When trading FX or Indicies there are three primary sessions that happen everyday. We all know that the FX market is open 24 hours / 5 days a week, but within the hours the markets are open, there are spikes and lulls in volume and volatility that we should be aware of. Whether you like trading markets that are less volatile (Asia Session), or ones that have a lot of volume and movement (London and New York Session)… don’t worry we’ll be covering all of it.
First off we have Asia session. The reason we’re starting with this one is because it’s the very first session to start off the trading week with Sundays opening at 8:00AM in Tokyo and 9:00AM in Sydney. This is also sometimes referred to when APAC (Asia-Pacific) opens. This session is typically met with very rangey price action with the exception of certain APAC pairs having volatility on occasion during the Asia session. Aside from that, there normally isn’t a lot of volume or manipulation from BFIs (banks and financial institutions) at this time, leading to very natural and slow-moving price action.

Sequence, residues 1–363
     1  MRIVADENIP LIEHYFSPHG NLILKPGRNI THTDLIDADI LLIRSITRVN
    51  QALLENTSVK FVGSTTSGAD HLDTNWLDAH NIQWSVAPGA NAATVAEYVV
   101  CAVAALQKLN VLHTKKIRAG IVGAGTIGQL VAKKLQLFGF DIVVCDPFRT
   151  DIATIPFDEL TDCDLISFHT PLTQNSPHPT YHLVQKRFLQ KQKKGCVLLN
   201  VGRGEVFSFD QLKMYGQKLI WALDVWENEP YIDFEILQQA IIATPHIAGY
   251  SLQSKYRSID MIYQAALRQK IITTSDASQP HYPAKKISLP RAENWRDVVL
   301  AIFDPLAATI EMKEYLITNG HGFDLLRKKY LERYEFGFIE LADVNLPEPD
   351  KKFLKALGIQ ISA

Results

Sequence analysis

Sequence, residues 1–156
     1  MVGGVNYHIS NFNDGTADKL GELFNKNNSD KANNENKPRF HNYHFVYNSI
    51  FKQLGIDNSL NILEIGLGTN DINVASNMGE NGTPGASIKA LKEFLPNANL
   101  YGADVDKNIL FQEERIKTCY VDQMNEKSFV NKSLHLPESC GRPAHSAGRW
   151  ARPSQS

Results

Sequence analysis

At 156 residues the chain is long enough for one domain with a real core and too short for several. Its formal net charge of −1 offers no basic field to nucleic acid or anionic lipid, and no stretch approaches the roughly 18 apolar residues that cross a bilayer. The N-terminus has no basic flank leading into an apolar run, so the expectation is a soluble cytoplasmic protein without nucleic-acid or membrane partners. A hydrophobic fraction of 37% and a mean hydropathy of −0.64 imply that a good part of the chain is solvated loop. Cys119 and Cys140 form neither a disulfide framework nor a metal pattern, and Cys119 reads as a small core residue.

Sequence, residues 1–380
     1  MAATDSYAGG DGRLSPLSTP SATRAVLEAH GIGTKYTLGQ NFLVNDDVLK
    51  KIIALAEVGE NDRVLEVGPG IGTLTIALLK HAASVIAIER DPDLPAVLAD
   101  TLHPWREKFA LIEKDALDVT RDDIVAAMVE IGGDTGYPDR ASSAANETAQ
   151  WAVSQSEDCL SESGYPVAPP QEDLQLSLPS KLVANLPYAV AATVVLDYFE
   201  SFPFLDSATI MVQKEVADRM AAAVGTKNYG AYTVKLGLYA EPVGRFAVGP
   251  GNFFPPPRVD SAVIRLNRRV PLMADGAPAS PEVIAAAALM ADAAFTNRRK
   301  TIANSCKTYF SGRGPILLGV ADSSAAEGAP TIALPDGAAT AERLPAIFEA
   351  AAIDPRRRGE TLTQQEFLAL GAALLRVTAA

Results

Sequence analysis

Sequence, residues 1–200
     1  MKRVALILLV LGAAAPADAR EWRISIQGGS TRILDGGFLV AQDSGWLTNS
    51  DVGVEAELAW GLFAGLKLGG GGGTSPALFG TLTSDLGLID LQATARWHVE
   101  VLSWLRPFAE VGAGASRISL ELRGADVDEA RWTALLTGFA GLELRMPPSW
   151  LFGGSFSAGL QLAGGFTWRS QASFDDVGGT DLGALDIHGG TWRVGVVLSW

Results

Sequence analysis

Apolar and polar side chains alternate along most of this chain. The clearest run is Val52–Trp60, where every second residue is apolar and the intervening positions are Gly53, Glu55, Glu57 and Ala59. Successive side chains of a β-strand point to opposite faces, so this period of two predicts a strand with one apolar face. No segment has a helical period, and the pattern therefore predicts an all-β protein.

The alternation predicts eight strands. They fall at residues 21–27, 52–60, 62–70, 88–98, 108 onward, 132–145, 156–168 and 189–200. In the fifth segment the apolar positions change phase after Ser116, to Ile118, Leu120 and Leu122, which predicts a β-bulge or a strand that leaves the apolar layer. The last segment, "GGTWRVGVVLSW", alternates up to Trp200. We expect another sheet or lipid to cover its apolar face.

Asia Range Liquidity
One thing you may notice if you use a session range indicator is that liquidity tends to naturally get built during the asia session usually due to the fact that it likes to range, and where there are ranges, there is liquidity built above and below.
So why is any of this relevant? If you trade the London session, it’s important to be aware of where liquidity is built and likely to get swept at Frankfurt or London open.
Moving on we have London session which is a favourite among those who reside in the UK and Europe (big surprise, I know) – but this doesn’t stop North and South Americans from trading the session despite it being 3:00AM EST when London session actually opens. Why do people love London session? Asia usually builds liquidity within or around its range and volatility consistently jumps when Frankfurt or London open hits as a huge volume of orders flood into the market. This makes for ideal trade conditions if you’re looking to capitalize on big intraday moves.